Bankers on Thursday climbed on board the $11.5 billion loan backing Norfolk Southern Corp.'s hostile bid for Conrail Inc.
In the first day of the deal, joint-leads J.P. Morgan & Co. and Merrill Lynch & Co. landed commitments from six banks, including Union Bank of Switzerland and Toronto Dominion, of at least $500 million each. More than 90 banks from the United States and abroad attended a meeting at the Plaza Hotel in New York City to evaluate the blockbuster loan.
The loan will finance Norfolk's $9 billion bid for Conrail, which has already accepted a friendly $8.4 billion offer from CSX Corp. It came to market as Chase Manhattan Corp., BankAmerica Corp., NationsBank Corp., and Bank of Nova Scotia syndicate a $4.8 billion loan for CSX.
Still, demand for the Norfolk loan was brisk, as bankers salivated over the higher fees a hostile bidder pays. In addition, bankers are eager to build a relationship with Norfolk, which currently deals only with a small group of banks.
The loan, the largest ever led by Merrill Lynch, was well-structured and attractively priced, bankers said.
"They need to close it up very quickly", said Parker Knight, a managing director in loan syndications at Union Bank of Switzerland. "The deal is very fairly priced in the market."
The first 15 banks committing at the $500 million level will receive an early-bird fee of $200,000. They will also get a flat fee of $1 million, regardless of Norfolk's success, and a fee of 1.2% on final allocation. The company is also offering a 25 basis point facility fee.
"The pricing was extremely rich, and clearly designed to get everyone in and quickly," said one banker considering a commitment.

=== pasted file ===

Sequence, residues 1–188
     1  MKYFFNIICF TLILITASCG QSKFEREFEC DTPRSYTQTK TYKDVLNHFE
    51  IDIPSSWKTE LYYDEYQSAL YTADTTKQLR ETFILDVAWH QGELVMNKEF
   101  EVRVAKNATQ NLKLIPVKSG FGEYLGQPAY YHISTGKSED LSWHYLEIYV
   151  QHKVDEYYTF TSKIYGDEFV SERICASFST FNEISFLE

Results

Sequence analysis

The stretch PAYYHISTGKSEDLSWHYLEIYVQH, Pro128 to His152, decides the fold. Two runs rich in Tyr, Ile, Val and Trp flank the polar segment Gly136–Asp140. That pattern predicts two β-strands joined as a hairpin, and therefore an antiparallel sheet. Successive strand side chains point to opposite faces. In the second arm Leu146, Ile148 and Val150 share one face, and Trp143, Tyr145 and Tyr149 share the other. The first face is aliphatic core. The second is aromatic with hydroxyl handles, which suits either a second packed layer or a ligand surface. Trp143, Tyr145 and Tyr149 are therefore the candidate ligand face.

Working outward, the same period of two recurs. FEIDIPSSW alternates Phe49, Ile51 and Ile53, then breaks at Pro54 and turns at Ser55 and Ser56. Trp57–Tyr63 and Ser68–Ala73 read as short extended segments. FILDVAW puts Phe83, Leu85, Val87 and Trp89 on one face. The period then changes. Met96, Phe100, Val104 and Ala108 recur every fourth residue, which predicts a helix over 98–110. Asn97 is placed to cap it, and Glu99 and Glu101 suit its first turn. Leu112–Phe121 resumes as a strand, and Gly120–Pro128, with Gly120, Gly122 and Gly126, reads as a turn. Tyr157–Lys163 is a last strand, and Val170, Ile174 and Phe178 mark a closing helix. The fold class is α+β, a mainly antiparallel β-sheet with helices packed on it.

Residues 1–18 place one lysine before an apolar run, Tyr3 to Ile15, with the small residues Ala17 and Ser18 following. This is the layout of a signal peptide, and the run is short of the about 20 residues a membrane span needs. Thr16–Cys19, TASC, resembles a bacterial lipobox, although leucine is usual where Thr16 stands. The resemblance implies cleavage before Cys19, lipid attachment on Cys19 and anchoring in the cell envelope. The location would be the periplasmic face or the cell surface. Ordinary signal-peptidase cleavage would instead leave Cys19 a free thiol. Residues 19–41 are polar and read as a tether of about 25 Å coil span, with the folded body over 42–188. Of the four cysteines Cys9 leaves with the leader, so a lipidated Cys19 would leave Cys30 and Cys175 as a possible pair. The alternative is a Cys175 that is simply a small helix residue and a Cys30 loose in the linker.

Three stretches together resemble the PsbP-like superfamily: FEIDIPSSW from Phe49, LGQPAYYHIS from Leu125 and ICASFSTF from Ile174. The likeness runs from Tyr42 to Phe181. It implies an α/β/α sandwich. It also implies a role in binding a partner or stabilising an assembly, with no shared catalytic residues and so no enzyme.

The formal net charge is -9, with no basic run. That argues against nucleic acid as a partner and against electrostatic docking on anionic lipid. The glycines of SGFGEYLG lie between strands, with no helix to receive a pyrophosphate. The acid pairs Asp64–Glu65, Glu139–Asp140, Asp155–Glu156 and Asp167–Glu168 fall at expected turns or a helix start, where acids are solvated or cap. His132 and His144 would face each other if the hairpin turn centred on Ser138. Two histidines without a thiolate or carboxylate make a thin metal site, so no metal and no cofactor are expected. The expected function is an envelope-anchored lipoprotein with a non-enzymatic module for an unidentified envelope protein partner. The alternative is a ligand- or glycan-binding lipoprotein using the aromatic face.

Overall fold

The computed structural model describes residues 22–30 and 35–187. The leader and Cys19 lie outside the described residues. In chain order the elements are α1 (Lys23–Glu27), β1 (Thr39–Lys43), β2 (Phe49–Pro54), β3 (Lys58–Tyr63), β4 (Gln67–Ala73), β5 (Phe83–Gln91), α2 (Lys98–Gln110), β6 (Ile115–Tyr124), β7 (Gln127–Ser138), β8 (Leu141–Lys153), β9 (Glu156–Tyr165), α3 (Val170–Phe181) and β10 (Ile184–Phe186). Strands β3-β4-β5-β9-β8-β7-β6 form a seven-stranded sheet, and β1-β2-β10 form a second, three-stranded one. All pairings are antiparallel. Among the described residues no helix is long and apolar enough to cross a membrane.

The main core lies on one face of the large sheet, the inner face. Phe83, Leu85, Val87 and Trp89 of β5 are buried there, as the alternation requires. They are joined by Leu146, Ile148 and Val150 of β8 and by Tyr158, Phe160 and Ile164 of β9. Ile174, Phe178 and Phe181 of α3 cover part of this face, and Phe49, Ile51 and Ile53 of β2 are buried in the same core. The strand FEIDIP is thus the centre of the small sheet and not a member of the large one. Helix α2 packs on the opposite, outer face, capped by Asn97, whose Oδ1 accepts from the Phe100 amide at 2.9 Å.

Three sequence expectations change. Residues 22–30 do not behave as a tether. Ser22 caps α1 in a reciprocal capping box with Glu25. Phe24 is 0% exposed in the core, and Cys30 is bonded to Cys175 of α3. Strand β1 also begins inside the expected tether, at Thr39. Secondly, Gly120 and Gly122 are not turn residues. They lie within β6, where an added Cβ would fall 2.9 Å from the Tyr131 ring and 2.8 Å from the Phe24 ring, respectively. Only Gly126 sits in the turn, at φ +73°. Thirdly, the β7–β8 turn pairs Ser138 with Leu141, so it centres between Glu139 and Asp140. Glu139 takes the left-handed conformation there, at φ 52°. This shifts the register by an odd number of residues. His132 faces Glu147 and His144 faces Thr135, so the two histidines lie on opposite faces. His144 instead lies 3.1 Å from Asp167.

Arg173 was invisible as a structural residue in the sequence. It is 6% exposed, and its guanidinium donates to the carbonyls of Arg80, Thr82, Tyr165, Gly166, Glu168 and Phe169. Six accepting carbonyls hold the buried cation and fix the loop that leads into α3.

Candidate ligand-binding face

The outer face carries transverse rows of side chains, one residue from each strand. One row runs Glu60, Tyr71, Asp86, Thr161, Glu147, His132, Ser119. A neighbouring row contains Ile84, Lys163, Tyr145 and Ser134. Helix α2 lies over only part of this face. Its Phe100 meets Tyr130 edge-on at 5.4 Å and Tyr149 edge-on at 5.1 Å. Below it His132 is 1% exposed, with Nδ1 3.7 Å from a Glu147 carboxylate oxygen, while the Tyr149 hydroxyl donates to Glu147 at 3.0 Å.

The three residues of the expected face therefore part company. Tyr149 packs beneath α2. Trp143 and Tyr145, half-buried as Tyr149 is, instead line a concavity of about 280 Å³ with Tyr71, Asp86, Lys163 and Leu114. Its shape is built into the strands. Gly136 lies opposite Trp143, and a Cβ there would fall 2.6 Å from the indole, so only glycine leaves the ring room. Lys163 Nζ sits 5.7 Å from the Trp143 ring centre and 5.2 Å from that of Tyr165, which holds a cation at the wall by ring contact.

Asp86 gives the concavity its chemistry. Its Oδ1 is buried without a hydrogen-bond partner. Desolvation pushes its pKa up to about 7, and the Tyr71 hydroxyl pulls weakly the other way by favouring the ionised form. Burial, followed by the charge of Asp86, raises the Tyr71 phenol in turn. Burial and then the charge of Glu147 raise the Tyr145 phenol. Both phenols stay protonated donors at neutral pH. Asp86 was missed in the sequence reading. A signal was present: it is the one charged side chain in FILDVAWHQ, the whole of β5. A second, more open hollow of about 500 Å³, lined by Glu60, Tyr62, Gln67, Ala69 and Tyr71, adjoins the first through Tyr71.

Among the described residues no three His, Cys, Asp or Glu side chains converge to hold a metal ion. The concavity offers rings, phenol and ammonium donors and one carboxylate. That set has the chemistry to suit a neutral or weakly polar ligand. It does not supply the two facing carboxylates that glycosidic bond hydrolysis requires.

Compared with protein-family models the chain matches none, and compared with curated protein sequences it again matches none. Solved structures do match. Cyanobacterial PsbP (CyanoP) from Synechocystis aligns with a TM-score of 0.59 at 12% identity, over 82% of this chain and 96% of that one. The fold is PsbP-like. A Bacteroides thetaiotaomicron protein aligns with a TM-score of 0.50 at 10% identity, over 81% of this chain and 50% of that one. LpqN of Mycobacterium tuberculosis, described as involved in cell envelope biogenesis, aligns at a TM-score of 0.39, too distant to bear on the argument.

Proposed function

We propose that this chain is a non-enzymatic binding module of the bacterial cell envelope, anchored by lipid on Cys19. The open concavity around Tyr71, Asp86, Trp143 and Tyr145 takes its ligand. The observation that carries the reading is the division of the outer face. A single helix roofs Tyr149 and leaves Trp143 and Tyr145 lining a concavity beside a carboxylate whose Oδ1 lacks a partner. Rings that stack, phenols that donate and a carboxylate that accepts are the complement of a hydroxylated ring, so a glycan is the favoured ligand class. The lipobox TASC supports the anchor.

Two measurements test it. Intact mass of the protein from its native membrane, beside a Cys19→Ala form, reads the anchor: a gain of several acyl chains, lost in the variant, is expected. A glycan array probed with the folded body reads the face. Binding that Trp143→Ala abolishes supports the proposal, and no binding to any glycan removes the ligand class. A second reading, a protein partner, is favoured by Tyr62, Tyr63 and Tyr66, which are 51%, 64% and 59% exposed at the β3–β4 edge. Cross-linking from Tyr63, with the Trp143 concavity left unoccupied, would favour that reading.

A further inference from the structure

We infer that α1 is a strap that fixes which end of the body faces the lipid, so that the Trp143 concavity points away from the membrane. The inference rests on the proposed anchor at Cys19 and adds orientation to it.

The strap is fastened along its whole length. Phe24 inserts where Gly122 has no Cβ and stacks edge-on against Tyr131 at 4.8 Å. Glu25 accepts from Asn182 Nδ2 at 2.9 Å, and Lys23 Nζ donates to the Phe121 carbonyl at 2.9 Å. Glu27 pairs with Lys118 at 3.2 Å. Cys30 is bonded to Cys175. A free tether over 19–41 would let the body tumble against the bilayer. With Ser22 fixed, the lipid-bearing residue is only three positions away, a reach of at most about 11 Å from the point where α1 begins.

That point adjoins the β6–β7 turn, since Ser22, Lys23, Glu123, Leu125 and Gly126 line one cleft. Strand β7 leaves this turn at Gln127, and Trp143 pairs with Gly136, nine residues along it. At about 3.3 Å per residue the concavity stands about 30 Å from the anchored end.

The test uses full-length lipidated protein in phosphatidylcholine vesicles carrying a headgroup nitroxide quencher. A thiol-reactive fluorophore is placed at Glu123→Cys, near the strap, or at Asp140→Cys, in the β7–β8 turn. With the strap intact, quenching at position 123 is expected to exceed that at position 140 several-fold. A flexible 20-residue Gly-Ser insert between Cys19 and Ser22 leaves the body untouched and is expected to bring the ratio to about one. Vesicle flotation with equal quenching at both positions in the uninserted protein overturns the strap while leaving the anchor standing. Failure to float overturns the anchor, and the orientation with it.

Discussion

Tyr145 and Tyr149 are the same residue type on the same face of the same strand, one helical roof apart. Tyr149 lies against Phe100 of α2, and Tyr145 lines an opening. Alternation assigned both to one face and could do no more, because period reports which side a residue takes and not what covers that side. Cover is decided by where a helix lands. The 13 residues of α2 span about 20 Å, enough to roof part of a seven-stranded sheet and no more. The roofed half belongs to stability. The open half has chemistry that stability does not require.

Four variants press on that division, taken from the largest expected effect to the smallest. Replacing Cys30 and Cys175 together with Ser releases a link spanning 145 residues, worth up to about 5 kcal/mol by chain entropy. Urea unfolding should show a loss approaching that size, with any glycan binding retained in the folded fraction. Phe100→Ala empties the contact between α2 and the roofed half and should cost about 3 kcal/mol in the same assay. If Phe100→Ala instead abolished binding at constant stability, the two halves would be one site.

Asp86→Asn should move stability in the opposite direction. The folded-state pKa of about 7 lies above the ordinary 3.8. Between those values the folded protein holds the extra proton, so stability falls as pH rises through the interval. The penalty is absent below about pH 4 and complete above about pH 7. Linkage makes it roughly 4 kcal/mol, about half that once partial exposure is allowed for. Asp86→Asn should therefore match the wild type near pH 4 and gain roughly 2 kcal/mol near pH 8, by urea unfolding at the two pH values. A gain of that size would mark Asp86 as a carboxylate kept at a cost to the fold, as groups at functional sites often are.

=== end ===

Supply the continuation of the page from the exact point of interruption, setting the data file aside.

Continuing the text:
Until Standard & Poor's and Moody's resolve their ratings for Norfolk, the initial pricing for the deal is the London interbank offered rate plus 100 basis points. If company's debt remains at its current BBB-minus level, the price would be Libor plus 65 basis points.
J.P. Morgan and Merrill are looking for commitments ranging from $500 million to $25 million by Nov. 14. The only banks conspicuously absent from their two-hour meeting on Thursday were those leading the deal for CSX, bankers said.
J.P. Morgan, which is advising as well as lending to Norfolk, is in something of an awkward position. The blue-chip bank has long had a lending relationship with Norfolk's target, Conrail.
"Historically, a lot of banks have had a problem with hostile takeovers, but feelings on that seem to have changed," said one banker who attended the meeting. "No one at the meeting cited that as a problem."
Mr. Knight of Union Bank of Switzerland said the pace of consolidation across a host of industries will put many banks in similar quandaries. "It's going to be a real challenge in the whole world of one- stop shopping," he said.
Norfolk is expected to use the loan to finance the hostile bid for Conrail, which includes a breakup fee for CSX. Bankers see the deal as a chance to win additional capital markets business.
"If you haven't had a facility, and a lot of banks are interested in establishing relationships, those banks will go the extra mile to step into the agent's position," said Bob Markus, a director and co-head of debt finance at Suntrust Capital Markets.
For Merrill Lynch, the deal raises its profile in the lending market, which it entered just two years ago. "Merrill does a great job on bank deals," said one banker. "They don't try to squeeze out every last penny, and they're willing to offer decent fees that will give people incentive to participate."